a very occasional diary.




File system replacement algorithms.

1. Introduction.

This article describes results of a bit of research I made on efficiency of file system cache replacement algorithms. As everybody knows file system tries to keep some portions of its backing secondary storage (disk) cached in the primary storage (memory). In particular portion of file system data or meta-data that is being accessed right now has to be present in the memory, because kernel cannot directly manipulate data on the disk. Replacement problem occurs when this cache grows too large (which it tends to do sooner or later, as secondary storage is usually much larger than memory). When cache cannot grow anymore, and new data have to be accessed, something has to be thrown out of the cache. The selection of cache item to be removed is made by replacement algorithm. Choice of this algorithm affects file system performance, because if/when item removed from cache is re-accessed, file system has to wait for disk IO to read it again. Replacement algorithms try to minimize this overhead, by using various statistical information and trying to predict future accesses. The very possibility of such predictions is based on assumed regularities in file system accesses, most notable being locality of reference and access patterns, such as sequential file scanning. Research in replacement algorithms is as old as file systems, but few last decades in was mainly done in the context of data base engines (that also cache part of database in the memory). The reason for this is that in most modern operating system kernels file system caching was unified with VM caching. Perceived advantages of this unification are:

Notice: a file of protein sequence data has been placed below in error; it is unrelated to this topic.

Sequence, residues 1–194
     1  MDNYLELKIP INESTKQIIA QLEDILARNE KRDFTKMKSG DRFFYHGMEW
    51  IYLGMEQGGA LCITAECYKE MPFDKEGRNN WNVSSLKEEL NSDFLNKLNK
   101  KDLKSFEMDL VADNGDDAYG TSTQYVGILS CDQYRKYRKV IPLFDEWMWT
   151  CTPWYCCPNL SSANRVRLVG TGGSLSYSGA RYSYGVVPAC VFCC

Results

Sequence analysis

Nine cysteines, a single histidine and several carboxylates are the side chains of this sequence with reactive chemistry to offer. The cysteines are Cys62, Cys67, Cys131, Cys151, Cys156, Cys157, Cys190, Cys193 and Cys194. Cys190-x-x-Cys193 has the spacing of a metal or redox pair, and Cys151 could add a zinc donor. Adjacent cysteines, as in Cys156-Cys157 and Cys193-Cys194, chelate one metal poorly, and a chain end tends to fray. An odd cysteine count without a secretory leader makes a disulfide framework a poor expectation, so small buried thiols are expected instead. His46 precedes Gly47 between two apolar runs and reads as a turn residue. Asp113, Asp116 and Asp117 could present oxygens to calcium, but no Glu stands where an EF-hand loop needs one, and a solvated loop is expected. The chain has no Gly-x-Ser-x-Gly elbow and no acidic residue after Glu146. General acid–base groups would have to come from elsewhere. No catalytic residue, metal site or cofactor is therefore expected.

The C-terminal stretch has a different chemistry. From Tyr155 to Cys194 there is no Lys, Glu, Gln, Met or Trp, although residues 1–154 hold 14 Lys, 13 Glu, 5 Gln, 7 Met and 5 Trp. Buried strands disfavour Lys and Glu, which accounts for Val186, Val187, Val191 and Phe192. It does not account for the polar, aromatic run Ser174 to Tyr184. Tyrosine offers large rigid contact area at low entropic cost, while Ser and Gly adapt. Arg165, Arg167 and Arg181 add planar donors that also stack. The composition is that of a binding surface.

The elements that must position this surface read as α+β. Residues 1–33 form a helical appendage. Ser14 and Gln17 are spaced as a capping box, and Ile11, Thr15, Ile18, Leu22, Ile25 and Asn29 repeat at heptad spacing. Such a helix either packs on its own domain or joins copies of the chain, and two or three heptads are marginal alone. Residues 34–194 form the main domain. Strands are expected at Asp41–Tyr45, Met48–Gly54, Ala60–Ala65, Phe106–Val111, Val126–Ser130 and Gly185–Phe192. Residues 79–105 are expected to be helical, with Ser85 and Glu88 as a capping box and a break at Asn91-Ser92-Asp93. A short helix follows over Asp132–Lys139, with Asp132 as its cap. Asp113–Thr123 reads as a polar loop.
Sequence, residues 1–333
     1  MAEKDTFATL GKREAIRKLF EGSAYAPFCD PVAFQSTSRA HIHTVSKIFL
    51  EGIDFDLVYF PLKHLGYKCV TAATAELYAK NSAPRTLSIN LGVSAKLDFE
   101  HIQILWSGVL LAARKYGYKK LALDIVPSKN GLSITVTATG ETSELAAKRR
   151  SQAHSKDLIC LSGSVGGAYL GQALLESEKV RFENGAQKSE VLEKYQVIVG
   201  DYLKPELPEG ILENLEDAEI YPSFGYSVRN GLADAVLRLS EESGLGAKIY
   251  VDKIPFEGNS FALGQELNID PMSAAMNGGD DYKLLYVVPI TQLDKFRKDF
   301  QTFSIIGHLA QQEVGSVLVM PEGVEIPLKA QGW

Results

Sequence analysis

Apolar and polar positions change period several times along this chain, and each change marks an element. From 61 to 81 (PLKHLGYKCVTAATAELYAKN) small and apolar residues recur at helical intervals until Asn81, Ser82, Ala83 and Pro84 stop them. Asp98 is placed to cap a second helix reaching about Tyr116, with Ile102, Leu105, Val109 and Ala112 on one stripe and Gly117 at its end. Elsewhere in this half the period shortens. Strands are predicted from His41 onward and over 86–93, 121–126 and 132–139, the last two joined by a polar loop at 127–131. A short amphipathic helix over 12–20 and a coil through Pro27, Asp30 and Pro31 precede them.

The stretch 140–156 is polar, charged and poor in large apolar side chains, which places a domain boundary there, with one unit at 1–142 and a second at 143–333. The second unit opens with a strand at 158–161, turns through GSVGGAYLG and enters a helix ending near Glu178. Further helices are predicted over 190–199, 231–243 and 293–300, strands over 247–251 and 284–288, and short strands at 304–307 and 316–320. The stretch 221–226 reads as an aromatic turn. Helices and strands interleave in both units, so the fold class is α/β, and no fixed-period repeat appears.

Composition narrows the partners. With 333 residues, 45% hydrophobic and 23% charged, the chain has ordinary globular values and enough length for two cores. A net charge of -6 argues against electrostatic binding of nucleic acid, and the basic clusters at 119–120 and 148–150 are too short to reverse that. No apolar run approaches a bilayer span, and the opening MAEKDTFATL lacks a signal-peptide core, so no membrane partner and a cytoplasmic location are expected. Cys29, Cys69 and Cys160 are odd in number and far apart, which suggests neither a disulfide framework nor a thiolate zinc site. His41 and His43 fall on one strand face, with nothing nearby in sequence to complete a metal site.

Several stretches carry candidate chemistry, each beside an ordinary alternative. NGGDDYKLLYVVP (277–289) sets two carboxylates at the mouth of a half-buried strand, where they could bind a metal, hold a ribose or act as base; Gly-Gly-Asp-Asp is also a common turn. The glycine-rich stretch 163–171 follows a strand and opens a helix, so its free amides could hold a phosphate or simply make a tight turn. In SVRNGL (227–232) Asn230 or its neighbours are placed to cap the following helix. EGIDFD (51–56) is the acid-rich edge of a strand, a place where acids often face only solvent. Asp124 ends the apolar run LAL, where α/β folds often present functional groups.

• simplification,
  • support of mmap(2) style accesses to file system, and
  • sharing of memory between file system and VM, without imposing artificial limits on size of each cache.
The latter goal was never fully achieved: all existing implementations treat file system and VM pages differently to some extent, because system performance is miserable otherwise. This hints that access patterns are so different for file system and VM pages, that unified caching is not necessary the best solution. Another problem with unified caching is that the same replacement algorithm has to be used, and this basically means that replacement algorithm may rely only on information available for both file system and VM pages to make its decisions. As a set of attributes that file system can maintain for its pages is a strict superset of attributes maintained for VM pages, unified replacement algorithm degenerates into a VM replacement algorithm and all additional hints that file system can provide are thrown away. Experiments described below are an attempt to determine whether separate replacement algorithm can improve file system performance. To measure efficiency of replacement algorithms file system traces were collected, and then processed by a user-level simulator. Trace is a sequence of records each describing a particular access to some page of a file (see details below). User level simulator processes trace record by record, emulating both memory and secondary storage, keeping track of currently cached pages, and performing replacement decisions when necessary (also, see below for details).